When I was younger my parents always took my sister and I to shul. I have such fond memories of attending religious school and then joining my local NFTY youth group. I went to conventions and went to Jewish summer camp. While my world was filled with Hebrew music, amazing Jewish friends, and my first kiss, I didn’t have to deal with the adult realities of enrolling your child in all of these activities. I never knew how expensive they were.
Recently I read an article entitled, “Expensive Dues Aren’t the Only Reason People Don’t Go To Synagogues” written on Kveller.com (one of my absolute favorite websites!). It was very enlightening and as a Jewish parent I could relate to much of what was written. Dues alone put a tough financial challenge to any Jewish family. But the article focused on what is lacking in many of today’s synagogues: the joy and value of living a Jewish life. Being Jewish is so much more than memorizing Hebrew prayers and lighting the candles every Friday night. It is a way of thought. It is how we live our lives. It is what we teach our children about the world.
Just as we teach our children, “look both ways before we cross the street”, so too should we be saying, “put a coin in the tzedakah box for those in need”. In my local hometown there is one small Reform synagogue. The number of Jewish families is so small that the Rabbi travels from a nearby larger city to host Shabbos services twice a month. Children’s religious school is only once a month, and yet, the dues are still just as expensive as the impressive “all-inclusive” synagogues in the major cities. So what is a Jewish mum to do in this type of predicament? We choose to raise our child outside of the traditional norms of a Jewish childhood.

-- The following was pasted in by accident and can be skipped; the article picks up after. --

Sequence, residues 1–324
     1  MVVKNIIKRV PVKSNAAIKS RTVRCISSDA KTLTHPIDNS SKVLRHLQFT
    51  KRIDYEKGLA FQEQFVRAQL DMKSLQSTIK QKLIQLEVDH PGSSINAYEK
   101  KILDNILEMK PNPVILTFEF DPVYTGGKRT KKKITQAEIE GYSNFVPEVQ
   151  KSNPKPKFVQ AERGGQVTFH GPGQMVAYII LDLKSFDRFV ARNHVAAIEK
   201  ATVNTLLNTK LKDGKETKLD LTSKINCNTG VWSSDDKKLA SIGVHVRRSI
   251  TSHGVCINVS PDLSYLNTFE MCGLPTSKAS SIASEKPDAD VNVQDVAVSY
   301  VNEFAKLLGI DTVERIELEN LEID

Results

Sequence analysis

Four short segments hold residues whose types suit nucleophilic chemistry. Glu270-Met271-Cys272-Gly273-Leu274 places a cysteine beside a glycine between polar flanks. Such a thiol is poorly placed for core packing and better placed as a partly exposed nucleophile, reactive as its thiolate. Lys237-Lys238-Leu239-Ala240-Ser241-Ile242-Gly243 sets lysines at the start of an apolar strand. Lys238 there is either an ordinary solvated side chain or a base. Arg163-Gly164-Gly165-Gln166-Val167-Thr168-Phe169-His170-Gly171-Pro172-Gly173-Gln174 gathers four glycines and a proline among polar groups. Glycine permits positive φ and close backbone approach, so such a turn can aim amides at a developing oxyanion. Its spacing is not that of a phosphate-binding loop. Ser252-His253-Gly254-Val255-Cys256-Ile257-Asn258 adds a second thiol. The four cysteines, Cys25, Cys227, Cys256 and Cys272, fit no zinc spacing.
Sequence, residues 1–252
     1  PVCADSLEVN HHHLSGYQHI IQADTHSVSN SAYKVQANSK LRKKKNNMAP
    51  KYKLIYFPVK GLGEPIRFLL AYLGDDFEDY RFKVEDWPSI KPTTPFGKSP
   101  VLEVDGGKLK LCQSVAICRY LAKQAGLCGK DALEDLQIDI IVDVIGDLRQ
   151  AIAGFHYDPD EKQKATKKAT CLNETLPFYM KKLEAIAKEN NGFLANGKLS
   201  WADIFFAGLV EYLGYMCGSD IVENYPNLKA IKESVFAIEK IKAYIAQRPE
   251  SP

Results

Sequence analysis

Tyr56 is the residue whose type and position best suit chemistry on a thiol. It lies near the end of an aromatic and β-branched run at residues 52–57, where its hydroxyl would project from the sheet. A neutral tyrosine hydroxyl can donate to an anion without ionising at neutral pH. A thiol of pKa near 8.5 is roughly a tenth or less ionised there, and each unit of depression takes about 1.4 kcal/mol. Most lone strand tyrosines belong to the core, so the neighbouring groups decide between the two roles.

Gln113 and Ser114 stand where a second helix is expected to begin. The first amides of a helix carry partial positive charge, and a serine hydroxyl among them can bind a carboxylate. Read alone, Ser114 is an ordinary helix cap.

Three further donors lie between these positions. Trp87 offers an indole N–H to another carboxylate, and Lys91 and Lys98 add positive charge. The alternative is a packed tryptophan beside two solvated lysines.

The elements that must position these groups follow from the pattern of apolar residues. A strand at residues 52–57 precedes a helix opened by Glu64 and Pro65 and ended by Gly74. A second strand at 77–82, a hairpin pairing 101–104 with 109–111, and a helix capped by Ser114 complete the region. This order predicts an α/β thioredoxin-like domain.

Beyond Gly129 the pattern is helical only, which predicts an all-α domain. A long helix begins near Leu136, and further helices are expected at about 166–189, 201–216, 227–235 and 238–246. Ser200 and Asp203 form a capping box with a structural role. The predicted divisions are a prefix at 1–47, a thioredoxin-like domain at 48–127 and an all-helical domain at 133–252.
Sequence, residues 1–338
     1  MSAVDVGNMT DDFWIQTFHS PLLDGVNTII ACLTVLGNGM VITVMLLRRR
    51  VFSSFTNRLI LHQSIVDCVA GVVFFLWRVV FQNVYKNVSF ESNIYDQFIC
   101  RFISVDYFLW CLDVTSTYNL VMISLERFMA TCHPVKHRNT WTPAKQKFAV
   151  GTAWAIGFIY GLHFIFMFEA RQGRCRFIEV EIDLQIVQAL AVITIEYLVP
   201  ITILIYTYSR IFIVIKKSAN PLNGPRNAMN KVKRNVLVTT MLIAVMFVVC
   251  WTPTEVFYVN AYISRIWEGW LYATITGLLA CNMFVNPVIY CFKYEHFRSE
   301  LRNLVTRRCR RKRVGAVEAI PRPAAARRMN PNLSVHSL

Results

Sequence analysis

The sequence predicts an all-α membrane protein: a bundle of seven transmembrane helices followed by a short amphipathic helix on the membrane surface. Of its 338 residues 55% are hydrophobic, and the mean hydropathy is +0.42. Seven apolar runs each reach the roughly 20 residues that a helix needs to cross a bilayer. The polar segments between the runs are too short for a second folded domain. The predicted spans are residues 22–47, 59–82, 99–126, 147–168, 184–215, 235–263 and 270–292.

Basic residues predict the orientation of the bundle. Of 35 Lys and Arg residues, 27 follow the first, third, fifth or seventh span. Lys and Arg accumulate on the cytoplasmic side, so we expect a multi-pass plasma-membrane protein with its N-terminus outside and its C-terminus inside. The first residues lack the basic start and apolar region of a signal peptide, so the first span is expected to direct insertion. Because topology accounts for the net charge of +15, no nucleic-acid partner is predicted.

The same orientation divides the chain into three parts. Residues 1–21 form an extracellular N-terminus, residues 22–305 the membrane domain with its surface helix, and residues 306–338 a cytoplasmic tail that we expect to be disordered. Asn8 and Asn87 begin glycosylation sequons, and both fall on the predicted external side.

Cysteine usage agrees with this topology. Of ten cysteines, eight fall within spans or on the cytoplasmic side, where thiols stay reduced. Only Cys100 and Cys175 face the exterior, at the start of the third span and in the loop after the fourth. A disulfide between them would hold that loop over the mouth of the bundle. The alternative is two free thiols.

No, we aren’t official members to the local synagogue, but that doesn’t mean we don’t take our child to Shabbos services. Our religious education consists of colorful, Hebrew place mats to learn the alef bet and a home library filled to the brim with the best Jewish childrens books. (More on that to come in future posts!).
We use a hybrid of Yiddish, Hebrew, and English words in the home and smile as our child quickly picks up on them and uses them on her own. We celebrate the holidays whether in home or traveling to major cities to participate with other Jewish families. We cook Jewish food regularly so that our child will know in heart, soul, and palate what a latke, matzo ball, and gefilte fish is. We choose to do things differently while still adhering to a Jewish lifestyle.
This blog is about the “road less traveled by” and all of the wonderful mitzvahs we do in between. Thank you for reading.